By Jack Weatherly
A few years ago, the Chinese might not have been the kind of trade partners you wanted if you were in furniture manufacturing in Mississippi.
That’s because the communist nation was selling goods in this country cheaper than they could be made in the United States.
Consequently, the industry —suppliers and manufacturers — in Mississippi felt the impact.
From a peak of 31,600 workers in 2000, employment fell to 17,600 by 2009, according to Bill Martin, director of the Franklin Furniture Institute at Mississippi State University.
Meantime, Chinese manufacturing wage earners’ income has grown threefold in the past decade. And with its increase in disposable income is, among other things, a stronger demand for American-made furniture, he said.
“American furniture has become a status symbol and now the middle class has got money to pay for it,” he said.
Consequently, Mississippi’s furniture-making employment has stabilized. The Franklin institute estimates that by mid-2014 it had climbed to 18,700.
The state’s rebound is reflected in export figures.
Mississippi furniture exports to China totaled $2.6 million in 2014, a leap of 40.3 percent from the previous year, said Tracy Diez, executive director of the Mississippi World Trade Center.
Exports of furniture made in the state and sold worldwide reached $161.4 million last year, an increase of 4.93 percent, Diez said.
The average annual wage of a Mississippi furniture employee stood at $30,600 as of the first quarter of 2013, though figures for 2014 are due out soon.
“It’s hard work, but you can make a good living at it,” Martin said.
American furniture manufacturing wages have risen 27 percent in that period, Martin said, helping to hold down the price of American goods.
Demand from the middle class has also driven up costs for manufacturers in China, including for so-called kits, or upholstered components.
So American manufacturers, which import the kits, are looking for places to make furniture at a lower cost, he said, whether it’s in Mexico, South America, Vietnam or South Korea.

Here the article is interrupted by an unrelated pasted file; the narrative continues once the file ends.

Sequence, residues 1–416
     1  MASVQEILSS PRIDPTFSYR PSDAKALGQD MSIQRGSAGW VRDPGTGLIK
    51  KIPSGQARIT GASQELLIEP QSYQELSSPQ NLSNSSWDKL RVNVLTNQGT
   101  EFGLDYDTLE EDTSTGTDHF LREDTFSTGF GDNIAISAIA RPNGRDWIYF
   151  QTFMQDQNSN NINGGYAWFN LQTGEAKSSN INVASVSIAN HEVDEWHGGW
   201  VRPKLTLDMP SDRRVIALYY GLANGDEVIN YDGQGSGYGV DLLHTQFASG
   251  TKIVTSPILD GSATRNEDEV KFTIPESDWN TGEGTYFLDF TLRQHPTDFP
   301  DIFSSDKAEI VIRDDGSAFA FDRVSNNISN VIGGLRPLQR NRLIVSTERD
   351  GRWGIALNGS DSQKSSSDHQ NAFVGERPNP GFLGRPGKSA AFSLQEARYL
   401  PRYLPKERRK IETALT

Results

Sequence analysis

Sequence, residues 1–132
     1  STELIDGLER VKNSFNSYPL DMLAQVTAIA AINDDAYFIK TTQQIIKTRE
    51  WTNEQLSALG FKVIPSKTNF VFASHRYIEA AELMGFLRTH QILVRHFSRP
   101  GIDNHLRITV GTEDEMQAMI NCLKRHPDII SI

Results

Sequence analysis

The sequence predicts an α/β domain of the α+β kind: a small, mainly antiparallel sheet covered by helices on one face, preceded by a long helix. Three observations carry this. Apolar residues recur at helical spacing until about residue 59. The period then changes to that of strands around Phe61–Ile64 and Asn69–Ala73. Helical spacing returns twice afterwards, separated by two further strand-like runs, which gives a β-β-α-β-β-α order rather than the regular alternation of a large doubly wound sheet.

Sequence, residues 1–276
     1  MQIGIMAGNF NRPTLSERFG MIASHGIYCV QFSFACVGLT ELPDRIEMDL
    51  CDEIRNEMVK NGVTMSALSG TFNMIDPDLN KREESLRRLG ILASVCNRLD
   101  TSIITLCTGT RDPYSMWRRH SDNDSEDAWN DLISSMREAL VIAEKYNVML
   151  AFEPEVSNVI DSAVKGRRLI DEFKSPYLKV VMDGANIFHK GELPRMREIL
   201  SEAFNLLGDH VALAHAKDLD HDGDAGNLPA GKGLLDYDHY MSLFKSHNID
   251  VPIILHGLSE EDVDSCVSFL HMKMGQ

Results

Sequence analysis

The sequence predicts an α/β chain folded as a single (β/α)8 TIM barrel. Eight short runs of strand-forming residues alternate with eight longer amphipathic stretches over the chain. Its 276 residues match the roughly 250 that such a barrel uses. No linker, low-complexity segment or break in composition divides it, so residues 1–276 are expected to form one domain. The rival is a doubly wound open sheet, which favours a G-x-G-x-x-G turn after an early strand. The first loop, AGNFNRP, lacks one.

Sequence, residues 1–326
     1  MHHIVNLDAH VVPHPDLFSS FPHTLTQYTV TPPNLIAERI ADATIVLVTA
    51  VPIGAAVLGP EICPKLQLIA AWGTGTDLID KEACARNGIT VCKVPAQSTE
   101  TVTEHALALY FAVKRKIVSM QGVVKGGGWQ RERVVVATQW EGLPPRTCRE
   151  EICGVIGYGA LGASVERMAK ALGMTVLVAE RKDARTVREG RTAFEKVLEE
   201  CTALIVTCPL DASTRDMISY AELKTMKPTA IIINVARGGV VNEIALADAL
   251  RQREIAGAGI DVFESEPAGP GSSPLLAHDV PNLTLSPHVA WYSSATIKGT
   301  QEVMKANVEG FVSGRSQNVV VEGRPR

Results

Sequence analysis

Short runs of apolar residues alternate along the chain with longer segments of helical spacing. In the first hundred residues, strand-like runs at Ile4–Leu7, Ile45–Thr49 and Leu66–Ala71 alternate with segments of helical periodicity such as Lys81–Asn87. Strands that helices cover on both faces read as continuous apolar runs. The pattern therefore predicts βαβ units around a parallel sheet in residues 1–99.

A Chinese delegation will attend the Tupelo Market Feb. 4-6, offering Mississippi furniture manufacturers a chance to expand their markets, Martin said.
Tupelo is the capital of the furniture market in northeast Mississippi. The industry dates itself from 1948, when Morris Futorian, a Russian immigrant started a two-person manufacturing shop in New Albany.
Some members of the delegation will visit with Mississippi lumber producers to possibly import that raw material, Martin said.
The Mississippi Development Authority’s International Trade Office, Tupelo Furniture Market and China National Furniture Association arranged the visit.
As a sign of reinvigoration, United Furniture Industries announced Monday it will start manufacturing operations in the former Lane Furniture facility in Verona.
The project represents a $2.75 million corporate investment and will create 300 jobs, bringing the company’s total employment in the state to between 1,800 and 2,000. United Furniture has operations in Amory, Hatley, Nettleton, Okolona and Vardaman.
“We plan to begin some production in mid-February and are looking to start hiring in the next few days,” United Furniture Chief Financial Officer Doug Hanby said in a release. Applications can be submitted online at UFIjobs.com or in person at Amory.
The Mississippi Development Authority awarded the manufacturer a $500,000 grant for building modifications through the ACE program; training valued at $801,500 will be carried out at the WIN Job Center in Tupelo.
The company — whose brands include Simmons, Beautyrest and Hide-A-Bed among others — was formed in 2000 and has undergone expansions and now operates in more than 4 million square feet of manufacturing and warehouse space in Mississippi, North Carolina and California.
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